Don't be alarmed if you hear what sounds like Jack Bauer screaming "TELL ME WHAT I NEED TO KNOW!!"from within the bowels of AT&T headquarters.
Or maybe you SHOULD be alarmed. After all, it was AT&T who admitted yesterday that a flaw in its website exposed iPad email addresses to anyone who wanted to look at them. The security flaw — which pre-populated an email address field in a registration page — was first revealed by Goatse Security, who claimed to uncover 114,000 email addresses by guessing numbers that identified iPads connected to AT&T's mobile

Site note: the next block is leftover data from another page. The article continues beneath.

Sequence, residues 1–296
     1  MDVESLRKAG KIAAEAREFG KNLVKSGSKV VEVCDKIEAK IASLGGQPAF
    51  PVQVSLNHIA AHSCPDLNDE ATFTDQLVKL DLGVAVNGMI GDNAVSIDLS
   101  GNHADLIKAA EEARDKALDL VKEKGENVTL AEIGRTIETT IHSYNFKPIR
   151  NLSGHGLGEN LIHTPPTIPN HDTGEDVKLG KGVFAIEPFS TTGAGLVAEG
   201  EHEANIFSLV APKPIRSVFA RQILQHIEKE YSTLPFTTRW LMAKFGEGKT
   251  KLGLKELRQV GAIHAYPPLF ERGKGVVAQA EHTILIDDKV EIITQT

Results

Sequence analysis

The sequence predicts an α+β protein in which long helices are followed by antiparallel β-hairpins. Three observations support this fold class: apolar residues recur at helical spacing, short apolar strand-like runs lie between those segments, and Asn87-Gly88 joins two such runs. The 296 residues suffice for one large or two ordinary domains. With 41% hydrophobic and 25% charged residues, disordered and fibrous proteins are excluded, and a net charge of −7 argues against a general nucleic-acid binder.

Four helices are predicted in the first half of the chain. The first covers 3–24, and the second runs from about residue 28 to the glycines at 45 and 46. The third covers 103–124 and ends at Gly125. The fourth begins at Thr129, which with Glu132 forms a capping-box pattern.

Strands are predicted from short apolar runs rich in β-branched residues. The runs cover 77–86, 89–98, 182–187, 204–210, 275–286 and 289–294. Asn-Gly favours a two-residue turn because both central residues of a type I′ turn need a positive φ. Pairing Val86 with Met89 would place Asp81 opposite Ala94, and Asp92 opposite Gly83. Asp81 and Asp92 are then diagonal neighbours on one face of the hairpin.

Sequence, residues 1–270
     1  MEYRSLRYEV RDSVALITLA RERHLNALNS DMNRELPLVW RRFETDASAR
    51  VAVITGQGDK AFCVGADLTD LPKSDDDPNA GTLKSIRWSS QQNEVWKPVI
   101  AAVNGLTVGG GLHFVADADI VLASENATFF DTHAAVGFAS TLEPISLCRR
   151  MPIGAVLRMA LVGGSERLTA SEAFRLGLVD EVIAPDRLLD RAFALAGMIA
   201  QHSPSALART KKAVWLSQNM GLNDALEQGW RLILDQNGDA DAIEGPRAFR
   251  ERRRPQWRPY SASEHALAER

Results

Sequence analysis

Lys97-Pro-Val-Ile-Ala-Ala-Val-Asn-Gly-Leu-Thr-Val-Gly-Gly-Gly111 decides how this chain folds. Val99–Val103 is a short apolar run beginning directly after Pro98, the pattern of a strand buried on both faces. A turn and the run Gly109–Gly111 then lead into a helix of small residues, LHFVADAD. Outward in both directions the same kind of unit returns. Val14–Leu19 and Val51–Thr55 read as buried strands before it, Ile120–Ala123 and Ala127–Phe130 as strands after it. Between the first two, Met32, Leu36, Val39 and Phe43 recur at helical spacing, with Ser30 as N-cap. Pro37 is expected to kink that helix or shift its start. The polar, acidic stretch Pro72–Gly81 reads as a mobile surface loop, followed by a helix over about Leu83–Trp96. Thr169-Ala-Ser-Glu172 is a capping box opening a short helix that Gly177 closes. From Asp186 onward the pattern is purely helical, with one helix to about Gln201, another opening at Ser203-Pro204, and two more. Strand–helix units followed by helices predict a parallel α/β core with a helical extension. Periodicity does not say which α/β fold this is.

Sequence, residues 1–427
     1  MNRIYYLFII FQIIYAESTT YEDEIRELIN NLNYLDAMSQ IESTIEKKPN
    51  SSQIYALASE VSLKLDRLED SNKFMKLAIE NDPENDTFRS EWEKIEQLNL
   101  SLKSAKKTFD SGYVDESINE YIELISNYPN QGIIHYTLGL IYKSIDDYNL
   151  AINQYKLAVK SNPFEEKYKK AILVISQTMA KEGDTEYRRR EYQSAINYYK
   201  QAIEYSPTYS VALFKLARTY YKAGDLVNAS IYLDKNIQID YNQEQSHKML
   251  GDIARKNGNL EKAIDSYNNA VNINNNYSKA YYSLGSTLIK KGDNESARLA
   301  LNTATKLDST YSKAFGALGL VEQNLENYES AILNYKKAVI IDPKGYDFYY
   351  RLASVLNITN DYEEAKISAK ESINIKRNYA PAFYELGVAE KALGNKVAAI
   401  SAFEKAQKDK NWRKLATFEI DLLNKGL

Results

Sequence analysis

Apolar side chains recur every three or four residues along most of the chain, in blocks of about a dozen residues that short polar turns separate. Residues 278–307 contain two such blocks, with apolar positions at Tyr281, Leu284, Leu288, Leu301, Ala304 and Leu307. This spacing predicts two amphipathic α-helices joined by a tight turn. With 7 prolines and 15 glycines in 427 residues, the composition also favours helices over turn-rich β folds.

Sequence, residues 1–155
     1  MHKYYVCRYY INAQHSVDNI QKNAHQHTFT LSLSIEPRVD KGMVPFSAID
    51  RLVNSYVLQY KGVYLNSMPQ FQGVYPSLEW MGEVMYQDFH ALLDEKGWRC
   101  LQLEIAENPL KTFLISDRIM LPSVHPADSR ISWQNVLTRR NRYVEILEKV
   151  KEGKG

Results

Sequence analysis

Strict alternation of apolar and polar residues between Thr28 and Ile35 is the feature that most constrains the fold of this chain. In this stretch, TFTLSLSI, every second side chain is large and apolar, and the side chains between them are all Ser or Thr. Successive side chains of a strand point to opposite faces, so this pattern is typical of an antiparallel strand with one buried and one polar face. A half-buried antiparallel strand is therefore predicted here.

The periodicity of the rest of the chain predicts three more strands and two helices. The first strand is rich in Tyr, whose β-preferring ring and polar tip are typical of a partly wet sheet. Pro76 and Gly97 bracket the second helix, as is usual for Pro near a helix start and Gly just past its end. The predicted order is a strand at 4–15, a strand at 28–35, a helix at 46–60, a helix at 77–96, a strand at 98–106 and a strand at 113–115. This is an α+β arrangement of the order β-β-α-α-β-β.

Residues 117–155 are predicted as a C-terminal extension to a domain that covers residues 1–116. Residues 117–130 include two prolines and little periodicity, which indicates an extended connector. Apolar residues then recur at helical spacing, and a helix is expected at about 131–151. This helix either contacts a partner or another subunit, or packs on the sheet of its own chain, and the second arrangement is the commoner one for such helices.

network. Goatse waited until AT&T had patched the flaw before revealing it to the public.
The issue in the FBI's eyes is whether Goatse's action violated the Computer Fraud and Abuse Act, which generally prohibits unauthorized access to
computers. Goatse (and the Electronic Frontier Foundation) argue that typing information into a public website doesn't qualify as "unauthorized," and that they merely figured out how to view information that the Death Star had already (if unwittingly) made public.
[Via the Wall Street Journal]